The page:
The “Twitter files” are a series of 17 releases of internal documents from the social media platform that prove the US government was working with Twitter to censor certain information. The files reveal a concerning relationship between government and big tech, and suggest that the US government could be engaging in censorship on other social media platforms. The files also confirm that Twitter had a shadow banning system in place designed to limit the reach of specified users, and that top Twitter staff worked tirelessly to suppress then-president Donald Trump’s reach on the platform following the events of January 6th. The files reveal that Twitter was in frequent contact with the FBI, and that the social media company could be considered a subsidiary of the intelligence agency.
In December 2020, the first Twitter files were released, revealing a concerning relationship between the US government and the social media platform. Since then, 16 more sets of files have been released, shedding light on censorship and suppression of free speech. In this article, we’ll delve into the Twitter files, examining why they’re significant, who’s releasing them, and how those in power are pushing back.
In October 2020, Tesla and SpaceX CEO Elon Musk finalized his acquisition of Twitter. Prior to the acquisition, he promised to bring more transparency to the social media platform, intending to increase trust. In November, he delivered on this, tweeting about the upcoming release of the Twitter files on free speech suppression.
The Twitter Files
The Twitter files are a collection of internal documents at Twitter. They prove that the US government was working closely with the social media platform to censor certain information. Free speech is protected under the First Amendment in the US, meaning that any censorship by the government could be illegal. The Twitter files also suggest that the US government could be engaging in censorship on other social media platforms.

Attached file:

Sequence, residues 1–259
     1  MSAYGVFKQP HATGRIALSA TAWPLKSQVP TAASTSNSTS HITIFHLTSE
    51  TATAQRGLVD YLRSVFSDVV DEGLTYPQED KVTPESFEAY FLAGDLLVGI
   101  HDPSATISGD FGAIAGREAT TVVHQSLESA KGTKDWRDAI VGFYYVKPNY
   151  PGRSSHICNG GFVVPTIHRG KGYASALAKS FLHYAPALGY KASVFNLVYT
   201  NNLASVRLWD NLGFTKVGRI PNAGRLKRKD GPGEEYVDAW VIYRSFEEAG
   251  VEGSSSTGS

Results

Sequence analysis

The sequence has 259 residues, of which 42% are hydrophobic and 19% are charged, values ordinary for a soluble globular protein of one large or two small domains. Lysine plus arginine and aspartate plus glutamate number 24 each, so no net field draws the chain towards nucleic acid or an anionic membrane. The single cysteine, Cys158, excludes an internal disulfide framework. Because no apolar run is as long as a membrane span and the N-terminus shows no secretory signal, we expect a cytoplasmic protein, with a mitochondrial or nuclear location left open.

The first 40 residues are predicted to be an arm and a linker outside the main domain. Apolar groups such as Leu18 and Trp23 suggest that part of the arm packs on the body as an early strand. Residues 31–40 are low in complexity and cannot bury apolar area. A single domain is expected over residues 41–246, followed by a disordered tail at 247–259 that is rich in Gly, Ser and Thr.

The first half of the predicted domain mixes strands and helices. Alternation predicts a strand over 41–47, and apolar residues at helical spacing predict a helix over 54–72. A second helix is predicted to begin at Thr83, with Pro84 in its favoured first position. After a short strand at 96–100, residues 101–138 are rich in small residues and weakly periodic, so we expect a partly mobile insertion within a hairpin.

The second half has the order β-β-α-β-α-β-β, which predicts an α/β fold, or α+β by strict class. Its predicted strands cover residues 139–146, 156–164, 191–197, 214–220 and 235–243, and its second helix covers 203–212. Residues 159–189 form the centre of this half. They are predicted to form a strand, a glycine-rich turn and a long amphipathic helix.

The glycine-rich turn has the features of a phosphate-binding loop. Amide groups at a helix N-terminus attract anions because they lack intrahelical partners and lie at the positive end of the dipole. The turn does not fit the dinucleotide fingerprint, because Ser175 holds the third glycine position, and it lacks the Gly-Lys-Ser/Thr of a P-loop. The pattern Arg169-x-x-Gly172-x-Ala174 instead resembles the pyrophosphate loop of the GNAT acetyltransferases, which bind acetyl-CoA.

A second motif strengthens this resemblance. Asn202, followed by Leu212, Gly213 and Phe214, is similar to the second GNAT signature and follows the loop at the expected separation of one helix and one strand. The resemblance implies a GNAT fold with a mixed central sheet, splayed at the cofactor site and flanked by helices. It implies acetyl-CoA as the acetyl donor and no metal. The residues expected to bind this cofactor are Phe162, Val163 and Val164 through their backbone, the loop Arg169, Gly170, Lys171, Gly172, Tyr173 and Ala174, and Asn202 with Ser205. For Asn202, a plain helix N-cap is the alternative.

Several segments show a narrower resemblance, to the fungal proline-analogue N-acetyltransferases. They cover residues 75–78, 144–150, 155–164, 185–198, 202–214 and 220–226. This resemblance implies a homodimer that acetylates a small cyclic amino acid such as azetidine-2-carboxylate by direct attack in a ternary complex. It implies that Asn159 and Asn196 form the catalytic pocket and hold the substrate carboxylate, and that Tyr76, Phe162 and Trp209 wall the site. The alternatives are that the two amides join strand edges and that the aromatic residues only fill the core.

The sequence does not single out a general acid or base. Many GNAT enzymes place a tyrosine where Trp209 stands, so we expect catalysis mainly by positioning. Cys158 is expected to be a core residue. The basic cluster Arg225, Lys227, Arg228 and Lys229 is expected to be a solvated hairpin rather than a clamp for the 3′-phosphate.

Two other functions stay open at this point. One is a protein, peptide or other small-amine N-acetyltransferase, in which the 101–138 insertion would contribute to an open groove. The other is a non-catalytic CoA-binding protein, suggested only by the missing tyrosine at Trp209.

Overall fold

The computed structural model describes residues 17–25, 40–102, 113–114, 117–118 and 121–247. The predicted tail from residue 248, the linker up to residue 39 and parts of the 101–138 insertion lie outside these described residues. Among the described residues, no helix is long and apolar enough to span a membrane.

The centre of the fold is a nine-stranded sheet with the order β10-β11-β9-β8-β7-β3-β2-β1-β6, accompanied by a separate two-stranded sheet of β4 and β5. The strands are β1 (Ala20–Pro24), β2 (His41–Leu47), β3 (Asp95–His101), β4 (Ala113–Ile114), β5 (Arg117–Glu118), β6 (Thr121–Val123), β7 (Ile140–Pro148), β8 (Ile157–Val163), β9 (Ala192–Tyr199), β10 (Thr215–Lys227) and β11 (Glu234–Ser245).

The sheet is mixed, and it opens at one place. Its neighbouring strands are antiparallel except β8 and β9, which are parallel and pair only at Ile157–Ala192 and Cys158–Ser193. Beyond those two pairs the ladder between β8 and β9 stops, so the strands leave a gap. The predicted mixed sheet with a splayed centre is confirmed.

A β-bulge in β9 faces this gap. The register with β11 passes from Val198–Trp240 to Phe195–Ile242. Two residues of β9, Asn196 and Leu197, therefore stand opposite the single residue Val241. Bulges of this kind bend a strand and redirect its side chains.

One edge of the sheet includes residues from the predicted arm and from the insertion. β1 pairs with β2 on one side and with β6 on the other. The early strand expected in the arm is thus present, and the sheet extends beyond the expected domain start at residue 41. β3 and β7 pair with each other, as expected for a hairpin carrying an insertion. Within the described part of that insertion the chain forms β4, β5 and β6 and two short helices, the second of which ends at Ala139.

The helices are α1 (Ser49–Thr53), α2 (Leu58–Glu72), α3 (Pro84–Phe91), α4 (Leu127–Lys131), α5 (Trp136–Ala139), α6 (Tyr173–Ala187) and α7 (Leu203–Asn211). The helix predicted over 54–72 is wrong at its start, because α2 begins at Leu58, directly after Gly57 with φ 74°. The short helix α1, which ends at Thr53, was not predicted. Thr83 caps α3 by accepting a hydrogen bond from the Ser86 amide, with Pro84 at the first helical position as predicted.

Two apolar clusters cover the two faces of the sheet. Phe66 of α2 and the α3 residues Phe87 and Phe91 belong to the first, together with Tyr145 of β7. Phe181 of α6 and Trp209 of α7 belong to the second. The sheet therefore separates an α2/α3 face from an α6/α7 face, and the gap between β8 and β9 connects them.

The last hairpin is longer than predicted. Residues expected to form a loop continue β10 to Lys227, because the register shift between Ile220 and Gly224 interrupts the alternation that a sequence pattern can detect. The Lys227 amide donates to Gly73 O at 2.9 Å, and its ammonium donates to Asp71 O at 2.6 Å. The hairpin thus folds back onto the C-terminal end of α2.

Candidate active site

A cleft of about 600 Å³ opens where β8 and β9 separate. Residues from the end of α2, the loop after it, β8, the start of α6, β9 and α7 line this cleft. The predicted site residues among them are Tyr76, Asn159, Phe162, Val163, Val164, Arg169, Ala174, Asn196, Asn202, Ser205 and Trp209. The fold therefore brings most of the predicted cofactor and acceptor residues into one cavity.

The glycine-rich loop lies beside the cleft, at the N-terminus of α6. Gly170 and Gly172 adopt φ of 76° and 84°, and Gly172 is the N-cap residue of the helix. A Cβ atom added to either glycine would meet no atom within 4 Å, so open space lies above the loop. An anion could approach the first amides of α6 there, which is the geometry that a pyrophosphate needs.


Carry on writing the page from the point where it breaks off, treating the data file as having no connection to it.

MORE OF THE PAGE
Twitter Files Release
Multiple journalists have posted the Twitter files in lengthy threads, including Matt Taibi, Michael Schellenberger, Barry Weiss, Lee Fang, David Zweig, and Alex Berenson. Accessing the information has been challenging due to Twitter’s systems not being designed to be searched. Additionally, journalists have faced obstruction and sabotage from Twitter employees.
Censorship of Hunter Biden Story
The first set of Twitter files discussed the suppression of a story about Hunter Biden, the son of President Joe Biden, leading up to the 2020 election. The story was published by the New York Post and suggested that Joe Biden was involved in shady activity. Twitter and other social media outlets censored the story at the request of Democrat interests.
Twitter’s Secret Blacklisting Policy
The second set of Twitter files confirmed Twitter’s secret blacklisting policy, also known as Shadow Banning. This was designed to limit the reach of specified users, and it was almost always political. The suppression went into overdrive during the pandemic with those skeptical of pandemic restrictions being targeted.
Removal of Donald Trump from Twitter
The third, fourth, and fifth sets of Twitter files focused on the removal of Donald Trump from Twitter. Twitter’s top staff worked to suppress Trump’s reach on the platform. They came up with a new content policy to justify banning him, with implications that they were pushed to do this by Democrat interests. The glorification of violence policy was used as justification for removing him from the platform.
Twitter’s Collaboration with the FBI
The sixth set of Twitter files revealed that the company was in frequent contact with the FBI, with the social media platform essentially considered a subsidiary of the intelligence agency. Twitter always complied with takedown requests from the FBI, and many former FBI agents were working at Twitter, communicating through their Slack channel.
The Twitter files are an embodiment of the collusion between the US government and Big Tech, representing a significant threat to individual freedom of expression. Those in power continue to push back against the transparency that the Twitter files represent, but these revelations have highlighted a concerning relationship between government and social media platforms with implications for all of us.